If you have an energy conservation project that’s waiting for funding, the U.S. Department of Energy may soon be able to help.
Last month, the full House Committee on Energy and Commerce approved HR 2088, an important first step in the legislative process to renew and refund the Energy Efficiency and Conservation Block Grant (EECBG) Program.
The funding renewal has been a top legislative priority of The United States Conference of Mayors (USCM). As approved, the legislation will commit $3.5 billion annually—$17.5 billion over five years—in formula-based grants, allocated directly to cities, counties, tribal governments, and states.
The legislation, as existing law provides, continues to extend flexibility to local and state governments to invest these new resources across 14 categories of eligible projects and programs, including the development of comprehensive energy conservation and efficiency plans; conversion of street lighting to highly efficient LED lighting; installation of renewable energy technology (e.g., solar, wind, fuel cell, and biomass energy) on municipal and other qualifying buildings; and weatherization of government buildings.
"For many cities, the energy block grant program is critical in helping accelerate local actions to reduce energy use and climate emissions," said Bryan Barnett, Mayor of Rochester Hills (MI) and USCM President. During the committee’s deliberations, House Energy & Commerce Committee Chairman Frank Pallone (NJ) cited the need for continued local action to start ramping up even more, stating that local initiatives are the best bet for moving forward on energy infrastructure investment.
Under the bill, the Department of Energy will retain responsibility for implementing the program, as it did in the 2009–2010 period when the first round of EECBG funding was appropriated and provided to local and state governments. The EECBG Program, which was originally authorized in the Energy Independence and Security Act of 2007 enacted by President George W. Bush, was first funded by the American Recovery and Reinvestment Act of 2009 (ARRA). Activities eligible for funding under the original EECBG program included the following:
- Development of an energy efficiency and conservation strategy and technical consultant services to assist in the development of such a strategy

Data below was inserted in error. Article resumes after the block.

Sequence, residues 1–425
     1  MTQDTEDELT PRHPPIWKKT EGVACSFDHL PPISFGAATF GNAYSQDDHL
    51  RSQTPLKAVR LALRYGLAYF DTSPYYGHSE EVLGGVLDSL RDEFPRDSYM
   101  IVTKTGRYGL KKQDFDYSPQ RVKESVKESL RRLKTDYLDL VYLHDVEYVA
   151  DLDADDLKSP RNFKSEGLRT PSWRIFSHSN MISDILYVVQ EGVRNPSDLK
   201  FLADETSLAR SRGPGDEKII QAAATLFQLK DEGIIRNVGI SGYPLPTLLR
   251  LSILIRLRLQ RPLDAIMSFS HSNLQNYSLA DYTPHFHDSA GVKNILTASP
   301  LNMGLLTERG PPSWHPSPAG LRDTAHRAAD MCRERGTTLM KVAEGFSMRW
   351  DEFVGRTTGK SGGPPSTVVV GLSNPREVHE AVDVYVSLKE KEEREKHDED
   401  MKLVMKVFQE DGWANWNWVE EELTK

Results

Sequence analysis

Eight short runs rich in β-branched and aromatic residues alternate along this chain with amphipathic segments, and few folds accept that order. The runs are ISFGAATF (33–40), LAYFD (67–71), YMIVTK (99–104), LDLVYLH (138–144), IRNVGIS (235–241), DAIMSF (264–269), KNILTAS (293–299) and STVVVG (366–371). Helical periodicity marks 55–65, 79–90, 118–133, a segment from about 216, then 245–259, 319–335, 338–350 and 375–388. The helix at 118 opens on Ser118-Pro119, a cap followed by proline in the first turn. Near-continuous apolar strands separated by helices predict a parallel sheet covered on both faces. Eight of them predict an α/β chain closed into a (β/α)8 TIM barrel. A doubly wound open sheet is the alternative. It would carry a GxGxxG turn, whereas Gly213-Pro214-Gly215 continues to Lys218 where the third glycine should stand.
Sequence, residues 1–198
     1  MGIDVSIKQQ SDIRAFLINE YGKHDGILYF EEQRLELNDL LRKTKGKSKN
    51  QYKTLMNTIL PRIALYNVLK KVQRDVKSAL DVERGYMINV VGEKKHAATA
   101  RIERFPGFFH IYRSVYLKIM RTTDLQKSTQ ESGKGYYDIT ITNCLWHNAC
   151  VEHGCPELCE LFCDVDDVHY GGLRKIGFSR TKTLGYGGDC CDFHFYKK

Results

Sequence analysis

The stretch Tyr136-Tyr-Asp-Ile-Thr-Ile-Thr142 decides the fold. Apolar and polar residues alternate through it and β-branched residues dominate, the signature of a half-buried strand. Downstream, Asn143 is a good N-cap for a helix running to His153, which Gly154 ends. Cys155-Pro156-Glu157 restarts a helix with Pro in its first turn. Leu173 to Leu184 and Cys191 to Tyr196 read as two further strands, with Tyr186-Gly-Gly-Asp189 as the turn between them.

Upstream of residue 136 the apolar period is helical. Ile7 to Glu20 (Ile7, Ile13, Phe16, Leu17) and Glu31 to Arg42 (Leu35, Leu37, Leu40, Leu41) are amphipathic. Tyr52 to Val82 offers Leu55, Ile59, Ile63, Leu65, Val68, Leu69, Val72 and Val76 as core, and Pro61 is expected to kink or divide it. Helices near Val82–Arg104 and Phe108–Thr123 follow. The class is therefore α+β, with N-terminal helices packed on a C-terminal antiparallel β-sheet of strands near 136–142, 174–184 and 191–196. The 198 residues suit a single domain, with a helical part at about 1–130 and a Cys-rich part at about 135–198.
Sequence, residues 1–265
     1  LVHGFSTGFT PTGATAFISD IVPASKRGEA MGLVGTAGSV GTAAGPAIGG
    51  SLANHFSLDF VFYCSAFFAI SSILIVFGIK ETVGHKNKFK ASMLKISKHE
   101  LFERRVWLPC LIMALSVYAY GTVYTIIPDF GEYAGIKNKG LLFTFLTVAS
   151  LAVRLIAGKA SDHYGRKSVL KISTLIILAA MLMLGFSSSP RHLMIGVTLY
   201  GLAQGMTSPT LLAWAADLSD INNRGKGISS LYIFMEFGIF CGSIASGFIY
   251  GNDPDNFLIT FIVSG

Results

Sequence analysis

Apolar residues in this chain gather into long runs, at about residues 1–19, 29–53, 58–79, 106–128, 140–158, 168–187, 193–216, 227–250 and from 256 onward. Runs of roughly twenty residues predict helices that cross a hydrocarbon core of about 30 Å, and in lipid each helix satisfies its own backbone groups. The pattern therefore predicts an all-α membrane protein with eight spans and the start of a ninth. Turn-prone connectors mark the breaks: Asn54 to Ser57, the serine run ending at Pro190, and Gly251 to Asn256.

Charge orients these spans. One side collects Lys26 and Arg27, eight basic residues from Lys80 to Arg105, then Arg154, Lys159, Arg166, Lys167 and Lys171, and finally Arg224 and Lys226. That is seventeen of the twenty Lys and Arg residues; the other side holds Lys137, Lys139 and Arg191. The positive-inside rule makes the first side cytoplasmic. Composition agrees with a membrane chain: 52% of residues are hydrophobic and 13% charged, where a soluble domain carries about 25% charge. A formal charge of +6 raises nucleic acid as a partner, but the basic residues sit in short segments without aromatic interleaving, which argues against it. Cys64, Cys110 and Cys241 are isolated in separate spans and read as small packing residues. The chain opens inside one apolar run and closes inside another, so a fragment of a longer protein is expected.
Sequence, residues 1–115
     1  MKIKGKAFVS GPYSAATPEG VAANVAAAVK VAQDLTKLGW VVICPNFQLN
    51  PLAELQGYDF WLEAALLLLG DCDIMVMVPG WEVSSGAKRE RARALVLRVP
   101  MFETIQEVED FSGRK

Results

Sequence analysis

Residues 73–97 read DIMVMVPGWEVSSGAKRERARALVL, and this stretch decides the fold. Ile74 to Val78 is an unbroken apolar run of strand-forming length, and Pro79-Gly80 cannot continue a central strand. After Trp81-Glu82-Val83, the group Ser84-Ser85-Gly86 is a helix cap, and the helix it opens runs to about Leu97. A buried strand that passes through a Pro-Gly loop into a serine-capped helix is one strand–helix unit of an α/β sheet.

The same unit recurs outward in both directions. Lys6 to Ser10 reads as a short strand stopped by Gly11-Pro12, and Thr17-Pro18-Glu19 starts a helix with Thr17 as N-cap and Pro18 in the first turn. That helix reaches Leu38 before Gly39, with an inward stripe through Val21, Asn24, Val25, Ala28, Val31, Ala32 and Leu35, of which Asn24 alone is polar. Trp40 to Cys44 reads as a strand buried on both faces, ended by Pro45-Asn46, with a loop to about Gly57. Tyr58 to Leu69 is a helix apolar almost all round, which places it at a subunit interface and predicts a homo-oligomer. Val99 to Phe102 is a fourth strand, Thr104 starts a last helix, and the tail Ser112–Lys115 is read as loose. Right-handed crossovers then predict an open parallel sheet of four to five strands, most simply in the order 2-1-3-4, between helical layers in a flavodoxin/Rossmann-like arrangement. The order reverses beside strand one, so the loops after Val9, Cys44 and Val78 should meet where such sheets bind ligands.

- Residential and commercial building energy audits
- Financial incentive programs for energy efficiency improvements
- Grants to nonprofit organizations and governmental agencies for the purpose of performing energy efficiency retrofits
- Energy efficiency and conservation programs for buildings and facilities
- Development and implementation of transportation programs to conserve energy
- Building codes and inspections to promote building energy efficiency
- Energy distribution technologies that significantly increase energy efficiency, including distributed generation, combined heat and power, and district heating and cooling systems
- Material conservation programs including source reduction, recycling, and recycled content procurement programs that lead to increases in energy efficiency
- Reduction and capture of methane and greenhouse gases excluding carbon capture or sequestration from power plants
- Energy efficient traffic signals and street lighting
- Renewable energy technologies on government buildings
- Other appropriate activities that met the purposes of the program and approved by DOE
The EECBG renewal legislation still needs to successfully complete multiple steps before being signed into law. The bill’s status can be monitored via Congress.gov, and you can register to receive alerts regarding its progress. In the meantime, we encourage you to start organizing your project details and the amount of funding required. Issuing an RFI can be a useful first step in documenting your project requirements and gathering information about the solutions that are available. You can jumpstart the RFI process by downloading our free RFI/RFP Template via the link below.
SOURCE: U.S. Conference of Mayors